Is Child Abuse On the Decline?

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The number of maltreated children in the U.S. has fallen steadily in the last two decades, according to a report this week from the Crimes Against Children Research Center at the University of New Hampshire.

Overall, physical-abuse cases per capita fell 3% between and 2007 and 2008 (the most recent year for which stats are available). Meanwhile sexual abuse fell by 6%, the report says. These figures continue long-term downward trends in the rate of physical and sexual abuse nationwide — with most states reporting cumulative drops of over 50% since 1992 — although neglect cases per capita seem to have remained fairly stable.

Sound too good to be true? All of that data comes from the National Child Abuse and Neglect Data System, which began compiling the stats in 1990 from states’ child-protection agencies. The numbers are based on “substantiated” abuse cases only — where substantiated means that the cases were reported to a child-protection agency and investigated, and that the agency then found “a preponderance of evidence” to suggest maltreatment. But while it may sound as if the trend could be just a trick of the data then — states could have simply decided to investigate fewer cases over time, for example — the new report argues that the decline in abuse is very real. A separate study found similar declines in child abuse using different methods, according to the report: Researchers conducting the recent National Incidence Study of Child Abuse and Neglect talked to workers in schools, hospitals and day cares about abuse, without looking at state investigations at all. And victim self-reports show the same pattern too, with declines in the number of children reporting physical and sexual abuse throughout the 1990s and 2000s. It would appear, then, that the good news is genuine. There really is less child abuse than there used to be.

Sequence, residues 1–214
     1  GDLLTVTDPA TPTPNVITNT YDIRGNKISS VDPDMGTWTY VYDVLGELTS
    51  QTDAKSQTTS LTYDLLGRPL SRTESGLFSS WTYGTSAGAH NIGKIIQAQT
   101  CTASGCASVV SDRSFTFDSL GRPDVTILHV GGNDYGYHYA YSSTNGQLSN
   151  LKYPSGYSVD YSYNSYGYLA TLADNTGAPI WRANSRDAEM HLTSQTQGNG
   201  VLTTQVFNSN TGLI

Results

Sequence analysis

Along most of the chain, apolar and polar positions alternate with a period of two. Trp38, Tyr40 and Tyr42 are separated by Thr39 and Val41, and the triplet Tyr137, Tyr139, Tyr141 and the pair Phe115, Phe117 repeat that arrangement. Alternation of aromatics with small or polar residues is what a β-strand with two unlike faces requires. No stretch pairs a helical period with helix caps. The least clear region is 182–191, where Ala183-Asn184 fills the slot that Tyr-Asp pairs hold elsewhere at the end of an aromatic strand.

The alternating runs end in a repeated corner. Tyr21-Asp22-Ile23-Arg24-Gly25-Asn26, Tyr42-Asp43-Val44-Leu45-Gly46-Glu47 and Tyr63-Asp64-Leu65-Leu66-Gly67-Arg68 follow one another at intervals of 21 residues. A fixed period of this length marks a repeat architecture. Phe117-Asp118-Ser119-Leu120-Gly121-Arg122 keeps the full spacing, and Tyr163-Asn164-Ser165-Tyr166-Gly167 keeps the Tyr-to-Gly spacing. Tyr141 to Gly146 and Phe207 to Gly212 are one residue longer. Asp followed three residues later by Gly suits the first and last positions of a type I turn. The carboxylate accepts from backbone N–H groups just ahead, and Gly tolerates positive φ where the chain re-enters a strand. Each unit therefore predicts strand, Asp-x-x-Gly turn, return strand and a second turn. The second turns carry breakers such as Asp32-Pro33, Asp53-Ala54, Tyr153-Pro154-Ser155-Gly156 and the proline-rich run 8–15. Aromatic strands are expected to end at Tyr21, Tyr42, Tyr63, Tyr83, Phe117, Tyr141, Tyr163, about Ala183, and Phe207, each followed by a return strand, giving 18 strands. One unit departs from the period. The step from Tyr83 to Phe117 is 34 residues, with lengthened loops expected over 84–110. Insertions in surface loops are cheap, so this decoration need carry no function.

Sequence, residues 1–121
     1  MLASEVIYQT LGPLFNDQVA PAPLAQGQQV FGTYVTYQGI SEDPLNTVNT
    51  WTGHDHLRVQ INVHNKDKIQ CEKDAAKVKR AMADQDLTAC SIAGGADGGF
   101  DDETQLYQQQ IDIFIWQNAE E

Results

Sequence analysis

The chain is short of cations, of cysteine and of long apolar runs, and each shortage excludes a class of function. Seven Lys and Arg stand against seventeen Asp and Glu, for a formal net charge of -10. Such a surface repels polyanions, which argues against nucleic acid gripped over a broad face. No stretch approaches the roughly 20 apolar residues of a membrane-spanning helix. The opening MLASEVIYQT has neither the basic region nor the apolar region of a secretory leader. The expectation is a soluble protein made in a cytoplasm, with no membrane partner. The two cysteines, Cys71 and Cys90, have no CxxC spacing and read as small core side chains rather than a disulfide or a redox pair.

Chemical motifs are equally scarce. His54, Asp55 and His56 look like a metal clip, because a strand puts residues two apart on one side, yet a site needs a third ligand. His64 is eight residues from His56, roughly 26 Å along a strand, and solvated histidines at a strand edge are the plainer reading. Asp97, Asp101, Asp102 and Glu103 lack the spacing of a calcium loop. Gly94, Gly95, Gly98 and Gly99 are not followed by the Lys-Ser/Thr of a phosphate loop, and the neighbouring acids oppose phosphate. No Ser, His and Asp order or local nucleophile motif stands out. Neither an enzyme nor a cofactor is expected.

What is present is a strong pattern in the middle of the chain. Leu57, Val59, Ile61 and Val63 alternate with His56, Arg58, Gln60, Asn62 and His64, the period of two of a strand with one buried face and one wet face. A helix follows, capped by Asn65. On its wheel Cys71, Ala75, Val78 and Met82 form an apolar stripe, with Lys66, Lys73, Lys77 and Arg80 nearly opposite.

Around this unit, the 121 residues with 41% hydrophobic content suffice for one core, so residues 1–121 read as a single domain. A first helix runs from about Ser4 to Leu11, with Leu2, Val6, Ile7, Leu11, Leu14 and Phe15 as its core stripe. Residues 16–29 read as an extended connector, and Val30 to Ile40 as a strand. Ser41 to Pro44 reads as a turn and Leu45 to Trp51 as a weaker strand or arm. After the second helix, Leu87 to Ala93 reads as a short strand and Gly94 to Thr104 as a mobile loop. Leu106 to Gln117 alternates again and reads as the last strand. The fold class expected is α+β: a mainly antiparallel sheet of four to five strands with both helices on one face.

The report states:

There is currently no consensus in the child maltreatment field about why sexual abuse and physical abuse have declined so substantially, although a recent article and book suggest some possible factors (Finkelhor & Jones, 2006; Finkelhor, 2008). The period when sexual and physical abuse started the dramatic downward trend was marked by sustained economic improvement, increases in the numbers of law enforcement and child protection personnel, more aggressive prosecution and incarceration policies, growing public awareness about the problems, and the dissemination of new treatment options for family and mental health problems, including new psychiatric medication. While some have suggested community notification laws as a possible explanatory factor, the passage and implementation of these laws actually occurred well after the sexual abuse decline was underway.

Over the same 1990 – 2008 period, however, the number of neglect cases per capita has barely budged. The report suggests that this may be the case because neglect “has not been the subject of the same level of policy attention and public awareness as sexual and physical abuse.”

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